Keeping your cat indoors protects them from road traffic and other dangers and keeps bird and wildlife safe, but what should you do if your cat seems to yearn for the great outdoors?
Leash training is the perfect way for your cat to explore the outside world in safety; simply follow these five steps for leash training and your cat can have the best of both worlds.
1. The Correct Equipment
You’ll need a harness and leash designed specifically for cats; with the leash attachment at the back of the harness, and one that’s fitted correctly to your cat’s size (you should be able to comfortably slip two fingers between the harness and skin). Attaching a leash to a cat collar is a complete no-no – not only could your cat easily slip out of it, you don’t want to pull at their throat. Originally, I used a standard cat harness but these are not as secure as some of the dog harness products available, so we now use Puppia harnesses, small dog size.
2. Get to Know the Harness
Your cat will need to become accustomed to the harness before you even consider trying to put it on. Leave the harness near your cat’s favourite sleeping spot and other familiar places so that he gets used to it being around. Whenever your cat approaches or sniffs the harness use treats and praise to encourage the behaviour.
3. Get Used to the Harness
Once your cat is used to the sight and smell of the harness, you can move onto the next stage – letting your cat get used to the feel of the harness. Put the harness on your cat, and immediately distract him with treats, a favourite toy or other activities he associates with good times. Once he’s happy wearing the harness, you can practice wearing it around the house, starting with short periods and gradually increasing the length of time. Continue this stage for a few days until your cat is completely relaxed and comfortable wearing the harness.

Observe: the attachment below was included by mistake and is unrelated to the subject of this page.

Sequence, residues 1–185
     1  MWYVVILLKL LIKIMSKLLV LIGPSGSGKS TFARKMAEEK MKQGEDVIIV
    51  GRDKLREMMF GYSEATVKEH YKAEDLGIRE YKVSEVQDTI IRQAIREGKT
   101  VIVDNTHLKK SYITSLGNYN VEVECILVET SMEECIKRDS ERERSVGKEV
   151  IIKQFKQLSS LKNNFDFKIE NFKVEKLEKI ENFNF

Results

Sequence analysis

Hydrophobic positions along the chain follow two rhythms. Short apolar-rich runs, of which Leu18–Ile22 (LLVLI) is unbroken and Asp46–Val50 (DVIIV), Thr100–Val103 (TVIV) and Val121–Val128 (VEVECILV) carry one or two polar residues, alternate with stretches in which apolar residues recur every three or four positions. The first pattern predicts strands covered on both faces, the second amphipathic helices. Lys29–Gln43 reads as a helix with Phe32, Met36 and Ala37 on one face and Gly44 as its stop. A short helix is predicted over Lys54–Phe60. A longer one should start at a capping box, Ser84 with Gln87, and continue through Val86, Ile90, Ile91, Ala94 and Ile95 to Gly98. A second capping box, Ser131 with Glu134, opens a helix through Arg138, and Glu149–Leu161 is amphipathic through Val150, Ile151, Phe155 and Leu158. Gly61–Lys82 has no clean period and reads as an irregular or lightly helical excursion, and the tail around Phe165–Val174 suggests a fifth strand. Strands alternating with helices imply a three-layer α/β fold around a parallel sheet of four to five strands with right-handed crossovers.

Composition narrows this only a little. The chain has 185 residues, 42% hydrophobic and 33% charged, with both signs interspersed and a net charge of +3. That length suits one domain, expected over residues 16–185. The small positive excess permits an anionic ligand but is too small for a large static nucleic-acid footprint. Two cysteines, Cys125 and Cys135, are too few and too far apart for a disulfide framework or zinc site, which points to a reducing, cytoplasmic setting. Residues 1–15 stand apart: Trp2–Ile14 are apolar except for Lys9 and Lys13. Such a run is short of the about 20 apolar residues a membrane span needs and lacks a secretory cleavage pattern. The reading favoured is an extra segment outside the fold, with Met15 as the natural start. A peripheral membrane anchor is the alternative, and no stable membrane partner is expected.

4. Attach the Leash
Now is the time to attach the leash to the harness, and let your cat explore a safe room with the leash dragging around behind. Make sure that you supervise your cat to minimise the risk of the leash getting caught on something and your cat becoming scared. Repeat the leash dragging step for a few days until you’re happy your cat has accepted the leash, then you can start holding the end of the leash and walking with your cat. Don’t hold on to the leash tightly, just let your cat lead you wherever he wants to go – ensure that you praise your cat often and have some treats on hand to reward good behaviour. Work up to gently guiding your cat around on the leash – use a soft encouraging voice and treats to get your cat to follow you and walk in the direction that you choose.
5. Ready, Set, Explore!
Once your cat is happy and confident wearing a harness and leash it’s time to start exploring outside. To start with, take your cat out in a quiet area of your garden, and just sit quietly letting your cat explore. Cats that are not used to the great outdoors can be nervous and be easily started by new sounds, so it’s important not to rush things. As your cat gets more confident he’ll start to take the lead and choose how far he wants to explore. The Pawesome Cats family, only ever go for walks in the safety of our own garden – there are two many scary sights and sounds on the other side of the fence including cars, dogs and children.
Every cat is different, and although it’s suggested that each step lasts a few days, you may find that your cat takes a longer or shorter time to progress onto the next step. The important thing is to follow your cat’s lead and let him go at his own pace. As always, when training cats – patience is key!
Have you leash trained your cat? What are your experiences and tips for success? If you’re new to leash training – are you ready to train your cat to walk on a leash now?